One Tree Woodwork

Custom woodworking and art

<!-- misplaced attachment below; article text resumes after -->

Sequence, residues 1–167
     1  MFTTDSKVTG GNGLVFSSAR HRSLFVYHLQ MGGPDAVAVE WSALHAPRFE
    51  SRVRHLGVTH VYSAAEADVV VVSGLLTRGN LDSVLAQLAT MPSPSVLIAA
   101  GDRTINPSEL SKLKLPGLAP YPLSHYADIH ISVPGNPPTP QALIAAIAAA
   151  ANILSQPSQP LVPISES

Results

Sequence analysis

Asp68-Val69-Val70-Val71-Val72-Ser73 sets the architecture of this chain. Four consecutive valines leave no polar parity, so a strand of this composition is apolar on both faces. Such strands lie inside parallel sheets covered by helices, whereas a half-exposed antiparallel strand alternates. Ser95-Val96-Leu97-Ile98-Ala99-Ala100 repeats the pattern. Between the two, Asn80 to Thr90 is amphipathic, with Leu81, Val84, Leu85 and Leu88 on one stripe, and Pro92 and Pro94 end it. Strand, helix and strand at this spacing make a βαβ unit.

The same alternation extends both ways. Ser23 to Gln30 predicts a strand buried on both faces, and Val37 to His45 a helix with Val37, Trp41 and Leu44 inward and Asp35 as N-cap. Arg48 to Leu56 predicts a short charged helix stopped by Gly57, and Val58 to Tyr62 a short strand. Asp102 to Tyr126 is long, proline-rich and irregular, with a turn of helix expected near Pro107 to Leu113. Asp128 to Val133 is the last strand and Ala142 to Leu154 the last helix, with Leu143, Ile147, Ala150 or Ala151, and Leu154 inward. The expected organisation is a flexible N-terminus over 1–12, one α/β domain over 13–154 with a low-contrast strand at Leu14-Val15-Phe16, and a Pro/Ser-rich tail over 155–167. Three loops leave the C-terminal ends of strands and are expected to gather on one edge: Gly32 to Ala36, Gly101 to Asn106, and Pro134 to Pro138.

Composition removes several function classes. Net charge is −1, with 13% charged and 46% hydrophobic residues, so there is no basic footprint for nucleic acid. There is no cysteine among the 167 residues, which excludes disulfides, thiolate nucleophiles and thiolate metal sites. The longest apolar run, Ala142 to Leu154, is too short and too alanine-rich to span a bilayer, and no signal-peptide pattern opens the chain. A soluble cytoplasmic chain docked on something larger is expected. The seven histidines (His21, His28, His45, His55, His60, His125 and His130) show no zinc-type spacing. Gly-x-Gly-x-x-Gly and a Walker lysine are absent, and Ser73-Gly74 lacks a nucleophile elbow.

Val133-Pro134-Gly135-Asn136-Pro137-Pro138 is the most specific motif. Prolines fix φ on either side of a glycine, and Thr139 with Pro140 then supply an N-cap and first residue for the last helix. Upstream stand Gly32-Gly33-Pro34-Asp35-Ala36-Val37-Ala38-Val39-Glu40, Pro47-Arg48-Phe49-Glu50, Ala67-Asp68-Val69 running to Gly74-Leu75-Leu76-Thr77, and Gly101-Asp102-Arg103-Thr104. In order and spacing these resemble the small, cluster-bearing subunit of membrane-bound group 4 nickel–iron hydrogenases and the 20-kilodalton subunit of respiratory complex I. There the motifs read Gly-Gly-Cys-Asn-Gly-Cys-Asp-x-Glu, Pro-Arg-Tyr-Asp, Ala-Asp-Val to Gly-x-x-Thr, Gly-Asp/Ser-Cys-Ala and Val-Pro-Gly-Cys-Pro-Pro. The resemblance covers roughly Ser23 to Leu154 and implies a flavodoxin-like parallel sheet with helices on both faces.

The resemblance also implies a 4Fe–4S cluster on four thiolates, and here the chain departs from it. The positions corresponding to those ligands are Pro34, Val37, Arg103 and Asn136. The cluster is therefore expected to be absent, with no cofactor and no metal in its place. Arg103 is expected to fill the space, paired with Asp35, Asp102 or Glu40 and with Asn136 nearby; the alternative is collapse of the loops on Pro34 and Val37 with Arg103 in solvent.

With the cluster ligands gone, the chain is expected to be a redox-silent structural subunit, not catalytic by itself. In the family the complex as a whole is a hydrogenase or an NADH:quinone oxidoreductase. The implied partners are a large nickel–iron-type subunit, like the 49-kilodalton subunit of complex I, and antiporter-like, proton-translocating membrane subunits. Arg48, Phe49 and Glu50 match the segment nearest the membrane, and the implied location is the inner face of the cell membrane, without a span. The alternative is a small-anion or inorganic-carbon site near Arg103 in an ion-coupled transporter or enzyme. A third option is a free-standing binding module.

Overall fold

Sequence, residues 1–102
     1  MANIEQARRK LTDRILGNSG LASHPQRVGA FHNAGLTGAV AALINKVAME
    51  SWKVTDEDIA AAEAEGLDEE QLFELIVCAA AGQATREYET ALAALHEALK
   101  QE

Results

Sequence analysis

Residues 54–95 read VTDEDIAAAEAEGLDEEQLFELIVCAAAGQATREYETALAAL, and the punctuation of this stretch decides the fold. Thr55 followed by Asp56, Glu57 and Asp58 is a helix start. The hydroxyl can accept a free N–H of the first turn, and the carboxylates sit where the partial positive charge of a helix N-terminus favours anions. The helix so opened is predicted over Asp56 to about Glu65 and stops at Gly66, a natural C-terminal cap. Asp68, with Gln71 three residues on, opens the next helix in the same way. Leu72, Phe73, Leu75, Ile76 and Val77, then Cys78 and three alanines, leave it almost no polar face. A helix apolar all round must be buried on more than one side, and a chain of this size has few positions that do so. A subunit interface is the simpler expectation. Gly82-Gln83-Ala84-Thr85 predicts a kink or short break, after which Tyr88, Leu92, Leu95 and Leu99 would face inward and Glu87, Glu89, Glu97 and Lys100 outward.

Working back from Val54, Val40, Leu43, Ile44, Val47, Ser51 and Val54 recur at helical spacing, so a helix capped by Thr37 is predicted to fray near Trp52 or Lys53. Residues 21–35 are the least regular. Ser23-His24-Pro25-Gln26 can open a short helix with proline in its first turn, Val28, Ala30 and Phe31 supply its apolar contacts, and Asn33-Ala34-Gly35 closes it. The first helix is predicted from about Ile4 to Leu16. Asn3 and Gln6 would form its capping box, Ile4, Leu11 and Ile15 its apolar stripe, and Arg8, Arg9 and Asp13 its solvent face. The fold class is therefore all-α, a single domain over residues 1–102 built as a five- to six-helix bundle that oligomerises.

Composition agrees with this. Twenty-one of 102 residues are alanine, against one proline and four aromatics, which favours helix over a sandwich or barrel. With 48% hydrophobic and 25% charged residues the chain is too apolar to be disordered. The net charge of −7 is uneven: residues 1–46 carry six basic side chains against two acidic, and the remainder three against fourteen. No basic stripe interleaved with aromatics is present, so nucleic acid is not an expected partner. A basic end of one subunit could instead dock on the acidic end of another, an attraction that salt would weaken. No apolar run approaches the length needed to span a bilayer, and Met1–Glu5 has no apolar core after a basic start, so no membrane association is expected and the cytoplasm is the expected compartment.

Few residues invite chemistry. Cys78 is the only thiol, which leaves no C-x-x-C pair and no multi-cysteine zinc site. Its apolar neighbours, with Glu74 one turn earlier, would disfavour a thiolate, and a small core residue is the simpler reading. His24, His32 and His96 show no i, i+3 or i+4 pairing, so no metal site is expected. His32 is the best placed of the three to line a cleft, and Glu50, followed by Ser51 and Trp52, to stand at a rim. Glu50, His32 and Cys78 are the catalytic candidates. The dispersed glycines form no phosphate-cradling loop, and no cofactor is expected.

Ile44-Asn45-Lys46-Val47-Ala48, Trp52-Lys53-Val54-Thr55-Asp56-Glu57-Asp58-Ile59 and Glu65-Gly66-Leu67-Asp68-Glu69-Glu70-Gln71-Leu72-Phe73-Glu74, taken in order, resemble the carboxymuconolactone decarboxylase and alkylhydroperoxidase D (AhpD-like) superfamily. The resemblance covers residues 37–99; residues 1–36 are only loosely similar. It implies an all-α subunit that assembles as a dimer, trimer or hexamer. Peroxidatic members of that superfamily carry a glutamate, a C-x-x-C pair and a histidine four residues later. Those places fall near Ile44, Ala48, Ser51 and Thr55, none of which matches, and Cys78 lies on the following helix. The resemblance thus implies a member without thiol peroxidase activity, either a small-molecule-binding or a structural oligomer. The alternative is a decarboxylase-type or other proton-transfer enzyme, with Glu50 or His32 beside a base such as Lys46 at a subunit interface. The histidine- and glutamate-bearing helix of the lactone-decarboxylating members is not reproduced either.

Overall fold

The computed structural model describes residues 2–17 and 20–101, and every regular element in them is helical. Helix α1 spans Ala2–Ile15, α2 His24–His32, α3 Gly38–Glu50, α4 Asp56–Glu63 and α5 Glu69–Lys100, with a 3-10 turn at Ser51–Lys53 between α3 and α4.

Last Words of a few